SPAN 399: Los latinos y la educación- Latinos and Education- Costales
This course will provide a critical analysis of the social, political, economic and cultural factors surrounding the educational experience of Latinos in the United States, and their manifestation in cultural production (murals, poetry, music, film, memoir, etc). Develops advanced language skills as well as awareness of linguistic variation in the field.  

SPAN 407: Latinoamerican Fantastic Fiction- Epple
In this seminar we will discuss relevant theories of the fantastic, as well as classical short fiction by writers from Argentina, México, Chile, Cuba, Colombia and Perú.  

SPAN 407: Contemporary Poetry- Sepulveda
Description forthcoming . . .  

SPAN 410: Escritura creativa en lengua castellana / Creative Writing in Spanish- Sepulveda
Este curso busca potenciar las capacidades creativas de los estudiantes de castellano a través de variados ejercicios de escritura. Durante el trimestre el alumno desarrollará su sensibilidad literaria así como también su juicio crítico e interpretativo mediante sesiones de taller y de discusión grupal. Se espera que el alumno escriba poemas, cuentos y, posiblemente, capítulos de algún proyecto mayor de ficción literaria según sea su interés. También será pertinente escribir guiones y textos creativos híbridos en caso de que el alumno tenga interés en ello. Realizaremos ejercicios de escritura dirigida y leeremos textos ad hoc a los proyectos individuales de escritura. Al término del curso, el alumno deberá presentar como proyecto final un conjunto de escritos creativos que den cuenta de su trabajo en clase, incluyendo borradores y correcciones. La última sesión de clase será una presentación pública del proyecto final dirigida a la comunidad universitaria.  

SPAN 410/510: Idea of Latin America- Garcia-Caro
This advanced seminar considers different intellectual debates over the concept of Latin America. What defines the “Latin” in Latin America? How is Latin America configured in contrast with Anglo America, but also with other alternate mappings and concepts such as Meso-America, South America, or Abya Yala? The course of readings and discussions is clearly divided into three interrelated but discrete parts: a first section considers historical issues such as cartography, colonization and independence, competing cultural traditions, etymologies, neocolonialism, pan Americanism and nation among other concepts. We will read widely from early chronicles to contemporary cultural historians’ discussions about the epistemic crises provoked by conquest and colonization. In a second section we will look at different Latin American authors of the independent period for whom the definition of (Latin)Americanism was a central philosophical, political, or aesthetic quest, including Simón Bolívar, José Martí, José Enrique Rodó, Leopoldo Zea, Gabriela Mistral, Pablo Neruda, Carlos Fuentes, Octavio Paz, and Gloria Anzaldúa. In a final section we will consider contemporary debates about the discipline of Latin Americanism both as an area studies and also as a site for comparative cultural history readings will include Walter Mignolo, Bolívar Echevarría, Enrique Dussell, Paulo Freire, and others.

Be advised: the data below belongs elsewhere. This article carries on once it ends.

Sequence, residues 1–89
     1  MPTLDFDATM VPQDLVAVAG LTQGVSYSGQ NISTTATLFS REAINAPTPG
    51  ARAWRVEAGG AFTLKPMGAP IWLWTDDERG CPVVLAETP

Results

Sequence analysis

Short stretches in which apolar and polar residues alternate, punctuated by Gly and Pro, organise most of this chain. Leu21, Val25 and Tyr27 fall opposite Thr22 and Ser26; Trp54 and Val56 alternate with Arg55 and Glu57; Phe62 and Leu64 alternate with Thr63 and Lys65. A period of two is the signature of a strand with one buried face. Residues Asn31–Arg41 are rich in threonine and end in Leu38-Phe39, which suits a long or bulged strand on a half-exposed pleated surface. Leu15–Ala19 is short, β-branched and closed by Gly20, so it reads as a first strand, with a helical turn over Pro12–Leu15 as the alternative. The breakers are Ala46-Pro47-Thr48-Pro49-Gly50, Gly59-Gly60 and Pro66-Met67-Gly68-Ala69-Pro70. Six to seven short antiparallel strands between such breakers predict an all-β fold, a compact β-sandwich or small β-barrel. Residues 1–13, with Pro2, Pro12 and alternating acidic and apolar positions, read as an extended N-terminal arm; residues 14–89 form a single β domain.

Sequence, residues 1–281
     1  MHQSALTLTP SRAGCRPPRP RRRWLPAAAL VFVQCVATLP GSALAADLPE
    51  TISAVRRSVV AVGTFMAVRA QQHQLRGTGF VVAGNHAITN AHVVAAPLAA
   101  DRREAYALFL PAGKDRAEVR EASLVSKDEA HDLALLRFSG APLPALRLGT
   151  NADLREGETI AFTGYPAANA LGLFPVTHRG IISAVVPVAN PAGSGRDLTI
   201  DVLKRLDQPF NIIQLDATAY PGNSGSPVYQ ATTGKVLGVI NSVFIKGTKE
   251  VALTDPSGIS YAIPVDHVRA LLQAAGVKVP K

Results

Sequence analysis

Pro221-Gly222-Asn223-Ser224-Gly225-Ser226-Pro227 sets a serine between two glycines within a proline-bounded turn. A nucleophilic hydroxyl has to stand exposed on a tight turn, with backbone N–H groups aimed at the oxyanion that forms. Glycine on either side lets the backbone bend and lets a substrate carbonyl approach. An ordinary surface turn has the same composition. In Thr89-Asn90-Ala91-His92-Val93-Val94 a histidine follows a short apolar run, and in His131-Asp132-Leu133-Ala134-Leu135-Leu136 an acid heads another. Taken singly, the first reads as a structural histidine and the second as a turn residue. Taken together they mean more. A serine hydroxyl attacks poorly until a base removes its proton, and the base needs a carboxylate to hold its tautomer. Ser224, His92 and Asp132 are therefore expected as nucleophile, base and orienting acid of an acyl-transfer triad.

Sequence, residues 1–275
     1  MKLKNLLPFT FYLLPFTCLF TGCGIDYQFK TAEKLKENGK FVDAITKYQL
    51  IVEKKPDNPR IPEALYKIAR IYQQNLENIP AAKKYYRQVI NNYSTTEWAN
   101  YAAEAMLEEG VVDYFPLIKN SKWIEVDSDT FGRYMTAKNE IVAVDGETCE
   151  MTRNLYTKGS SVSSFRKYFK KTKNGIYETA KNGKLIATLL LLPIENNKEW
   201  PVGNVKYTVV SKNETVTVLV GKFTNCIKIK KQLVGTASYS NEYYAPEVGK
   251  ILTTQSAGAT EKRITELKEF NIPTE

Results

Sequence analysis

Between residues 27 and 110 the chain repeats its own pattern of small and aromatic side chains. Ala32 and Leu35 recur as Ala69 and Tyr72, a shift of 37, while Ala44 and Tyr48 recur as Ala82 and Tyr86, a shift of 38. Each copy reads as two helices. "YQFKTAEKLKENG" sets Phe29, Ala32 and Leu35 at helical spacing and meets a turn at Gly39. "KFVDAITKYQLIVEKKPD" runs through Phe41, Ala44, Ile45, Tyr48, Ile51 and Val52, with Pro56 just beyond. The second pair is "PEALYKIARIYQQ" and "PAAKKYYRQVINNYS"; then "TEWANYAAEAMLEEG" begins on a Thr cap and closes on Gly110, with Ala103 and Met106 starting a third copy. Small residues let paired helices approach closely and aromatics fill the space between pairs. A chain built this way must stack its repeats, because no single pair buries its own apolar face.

Spanish.   M.A. Period 1, 2, 3, or 4  

SPAN 420/520: Language, Discourse and Immigration- Hernandez
This course examines how language is used to name, present, describe, study, portray and/or stigmatize immigration from Latin America into the United States. Students will use discourse analysis theory as a method to analyze international migration, identities, social-political relations, and the construction of knowledge in society through spoken, written and visual language. We will review and critique current research in different fields –linguistics, migration studies, law, journalism, and anthropology– that addresses immigration in the United States. Students will be asked to apply techniques of discourse analysis as a method to approach a specific disciplinary field that studies immigration. Readings will be in Spanish and English but discussions will be in Spanish. This class will involve intensive reading and discussion. Pre-requisites: any two of SPAN 320, 322, 324.    M.A. Period 3 or 4.